<!DOCTYPE plist PUBLIC "-//Apple//DTD PLIST 1.0//EN" "http://www.apple.com/DTDs/PropertyList-1.0.dtd">
    <plist ...>
    

    and

    <?xml version="1.0" encoding="UTF-8"?>
    <document type="com.apple.InterfaceBuilder3.CocoaTouch.Storyboard.XIB" version=...>
    

    are different XML document types and can thus represent data in completely different ways.



  • @parody As someone who does do some iOS development, storyboard files and plists are completely separate things. Storyboards are not supposed to be manually edited--they're generated XML (and relatively standard one). Plists are property lists, not really XML at all. As much as I hate everything Apple and XCode, this isn't a :wtf: in and of itself. Why they didn't use straight XML instead of plists, I'm not quite sure. But that's the Apple way--non-standard implementations for everyone!



  • To clarify, I'm not saying Plists and Storyboards are related to one another. I'm just saying that in both cases it looks like XML is being misused.



  • @maciejasjmj said in XML, the Apple way:

    @zmaster said in XML, the Apple way:

    What are they trying to do here? It looks like they want to keep a loose-format which doesn't follow a precise schema.

    Aside from the NO boolean value, I don't think I see the WTF in the second example...? I guess they put all simple-typed properties as attributes as a rule.

    This burns my eyes:

    <nil key="highlightedColor"/>
    

    The first one gets weird in that context, but maybe it makes sense if the key can potentially be a not-simple type?

    This is what it looks like with multiple key-value pairs:

    <dict>
        <key>something</key>
        <string>some value</string>
        <key>something else</key>
        <string>another value</string>
        <key>a third item</key>
        <string>yet another value</string>
    </dict>
    

    The key is always a string, the value could be something else. I understand that Plists by definition can't use a fixed schema but a value-follows-the-key pattern is something I've never seen in XML. As @Tsaukpaetra pointed out, one expects a hierarchy.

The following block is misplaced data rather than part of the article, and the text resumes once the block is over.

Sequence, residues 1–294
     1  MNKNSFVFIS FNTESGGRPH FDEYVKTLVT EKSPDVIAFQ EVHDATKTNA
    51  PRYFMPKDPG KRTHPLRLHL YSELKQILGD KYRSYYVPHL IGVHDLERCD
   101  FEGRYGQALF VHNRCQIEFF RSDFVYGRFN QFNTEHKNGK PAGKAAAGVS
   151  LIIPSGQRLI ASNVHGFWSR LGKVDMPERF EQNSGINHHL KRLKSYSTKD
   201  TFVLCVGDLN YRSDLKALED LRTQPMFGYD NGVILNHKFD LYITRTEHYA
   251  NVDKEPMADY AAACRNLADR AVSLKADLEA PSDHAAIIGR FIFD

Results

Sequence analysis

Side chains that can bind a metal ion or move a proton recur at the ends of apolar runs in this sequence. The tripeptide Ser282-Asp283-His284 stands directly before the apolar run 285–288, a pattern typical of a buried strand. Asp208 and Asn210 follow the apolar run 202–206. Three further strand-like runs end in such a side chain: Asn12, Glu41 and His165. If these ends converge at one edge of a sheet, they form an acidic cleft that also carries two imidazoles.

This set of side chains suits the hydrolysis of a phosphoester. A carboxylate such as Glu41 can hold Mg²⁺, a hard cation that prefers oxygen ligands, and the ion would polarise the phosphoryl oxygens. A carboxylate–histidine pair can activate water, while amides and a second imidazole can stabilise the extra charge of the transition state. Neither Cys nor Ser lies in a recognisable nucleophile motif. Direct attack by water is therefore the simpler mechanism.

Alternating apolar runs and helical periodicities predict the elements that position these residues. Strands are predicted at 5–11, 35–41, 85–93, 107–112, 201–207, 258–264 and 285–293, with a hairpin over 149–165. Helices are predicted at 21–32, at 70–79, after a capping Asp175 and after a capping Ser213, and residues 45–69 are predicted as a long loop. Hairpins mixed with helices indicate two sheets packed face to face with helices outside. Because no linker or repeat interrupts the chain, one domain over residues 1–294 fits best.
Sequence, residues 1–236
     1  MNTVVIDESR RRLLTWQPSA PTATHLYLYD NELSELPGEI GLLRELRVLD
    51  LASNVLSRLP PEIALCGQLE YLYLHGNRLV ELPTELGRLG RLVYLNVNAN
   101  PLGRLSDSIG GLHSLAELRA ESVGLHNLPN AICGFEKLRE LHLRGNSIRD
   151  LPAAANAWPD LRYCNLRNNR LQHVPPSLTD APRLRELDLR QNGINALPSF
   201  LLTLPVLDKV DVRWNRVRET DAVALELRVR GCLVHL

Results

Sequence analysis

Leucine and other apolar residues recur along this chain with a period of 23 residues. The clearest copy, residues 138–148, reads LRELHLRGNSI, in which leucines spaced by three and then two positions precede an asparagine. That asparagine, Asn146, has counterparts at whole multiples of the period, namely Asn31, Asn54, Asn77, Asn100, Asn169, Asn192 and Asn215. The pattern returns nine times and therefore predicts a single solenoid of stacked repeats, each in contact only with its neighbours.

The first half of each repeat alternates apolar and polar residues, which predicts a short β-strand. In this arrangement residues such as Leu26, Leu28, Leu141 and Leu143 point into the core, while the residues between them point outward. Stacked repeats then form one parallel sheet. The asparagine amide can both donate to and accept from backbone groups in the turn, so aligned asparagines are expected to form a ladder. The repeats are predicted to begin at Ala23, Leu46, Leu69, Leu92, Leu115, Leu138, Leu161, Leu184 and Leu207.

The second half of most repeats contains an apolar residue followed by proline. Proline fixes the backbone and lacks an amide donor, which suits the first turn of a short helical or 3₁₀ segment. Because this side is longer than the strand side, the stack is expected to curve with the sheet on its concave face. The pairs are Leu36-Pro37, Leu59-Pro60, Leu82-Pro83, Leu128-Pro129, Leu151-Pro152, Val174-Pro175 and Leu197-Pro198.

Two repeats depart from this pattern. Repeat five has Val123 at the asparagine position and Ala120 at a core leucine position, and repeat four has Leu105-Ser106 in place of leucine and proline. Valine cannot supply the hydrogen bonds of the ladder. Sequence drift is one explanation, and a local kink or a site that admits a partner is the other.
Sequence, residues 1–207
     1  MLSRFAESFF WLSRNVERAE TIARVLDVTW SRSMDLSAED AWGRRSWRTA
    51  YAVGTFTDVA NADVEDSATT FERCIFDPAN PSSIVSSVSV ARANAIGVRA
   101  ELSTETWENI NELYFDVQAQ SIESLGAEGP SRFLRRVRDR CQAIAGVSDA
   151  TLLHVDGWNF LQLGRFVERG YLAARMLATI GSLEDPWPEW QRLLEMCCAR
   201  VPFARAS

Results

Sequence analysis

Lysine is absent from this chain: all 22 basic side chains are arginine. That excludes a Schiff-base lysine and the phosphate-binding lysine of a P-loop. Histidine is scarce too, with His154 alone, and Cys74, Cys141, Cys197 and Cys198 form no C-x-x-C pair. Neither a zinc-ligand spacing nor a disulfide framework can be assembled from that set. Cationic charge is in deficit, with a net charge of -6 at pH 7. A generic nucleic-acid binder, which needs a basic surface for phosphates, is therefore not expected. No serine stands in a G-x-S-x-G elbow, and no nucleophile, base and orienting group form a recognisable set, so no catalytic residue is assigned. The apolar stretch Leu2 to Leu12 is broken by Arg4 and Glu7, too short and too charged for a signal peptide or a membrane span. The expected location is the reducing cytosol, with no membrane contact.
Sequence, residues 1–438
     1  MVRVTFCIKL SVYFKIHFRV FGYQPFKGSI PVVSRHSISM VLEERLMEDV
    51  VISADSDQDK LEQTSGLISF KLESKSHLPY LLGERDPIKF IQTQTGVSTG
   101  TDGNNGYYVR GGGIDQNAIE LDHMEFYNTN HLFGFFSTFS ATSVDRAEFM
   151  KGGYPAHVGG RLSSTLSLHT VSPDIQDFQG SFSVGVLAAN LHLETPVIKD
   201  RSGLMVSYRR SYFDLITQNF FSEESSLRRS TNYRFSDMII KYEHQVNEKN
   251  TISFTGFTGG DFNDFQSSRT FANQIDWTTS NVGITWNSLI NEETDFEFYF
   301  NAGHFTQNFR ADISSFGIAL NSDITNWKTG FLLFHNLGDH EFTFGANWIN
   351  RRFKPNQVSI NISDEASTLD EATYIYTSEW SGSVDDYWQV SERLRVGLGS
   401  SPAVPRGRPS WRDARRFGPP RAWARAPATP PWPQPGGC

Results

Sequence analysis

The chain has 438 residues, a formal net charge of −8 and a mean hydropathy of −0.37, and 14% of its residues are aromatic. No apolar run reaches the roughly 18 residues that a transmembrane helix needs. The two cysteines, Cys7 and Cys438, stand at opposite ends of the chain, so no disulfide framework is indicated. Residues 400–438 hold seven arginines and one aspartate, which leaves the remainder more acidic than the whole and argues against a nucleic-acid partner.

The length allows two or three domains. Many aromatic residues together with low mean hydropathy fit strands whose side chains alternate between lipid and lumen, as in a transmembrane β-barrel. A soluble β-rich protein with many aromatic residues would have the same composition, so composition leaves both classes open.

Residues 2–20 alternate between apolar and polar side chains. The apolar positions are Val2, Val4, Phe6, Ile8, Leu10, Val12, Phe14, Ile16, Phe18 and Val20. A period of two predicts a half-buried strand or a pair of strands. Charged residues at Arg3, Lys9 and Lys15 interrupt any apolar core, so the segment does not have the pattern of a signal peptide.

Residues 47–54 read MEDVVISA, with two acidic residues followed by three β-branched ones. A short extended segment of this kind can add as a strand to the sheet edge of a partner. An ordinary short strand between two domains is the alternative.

• Discourse touched me in a no-no place

    @zmaster said in XML, the Apple way:

    I'm just saying that in both cases it looks like XML is being misused.

    There's a DTD for plists. It's therefore cromulent but awful.

    The storyboard format looks like it could have a schema quite easily, but nobody's published one and there's quite a few pages out there saying to not edit the files by hand. I'm guessing that there's some tricky constraints (related to placement?) involved that are awkward to capture in a schema. Still, doesn't seem too bad to me.

    Of course, I've seen the wilder end of what people can do with WSDL so anything that doesn't involve twenty interacting schemas all with their own peculiarities is OK to me. :laughing:



  • @zmaster said in XML, the Apple way:

    To clarify, I'm not saying Plists and Storyboards are related to one another. I'm just saying that in both cases it looks like XML is being misused.

    Oh. It looked like you were complaining about the reuse of the term "key" by a specific company given the italics and emoji and thread title and all.

    FWIW, to me it looks like plists are a stupid use of XML, the storyboards are fine, and there's no reason anyone from a single developer to a huge corporation with many development teams couldn't reuse a term in this way.


  • Winner of the 2016 Presidential Election

    @benjamin-hall said in XML, the Apple way:

    XCode

    Please, do. :popcorn:


Log in to reply
 

Looks like your connection to What the Daily WTF? was lost, please wait while we try to reconnect.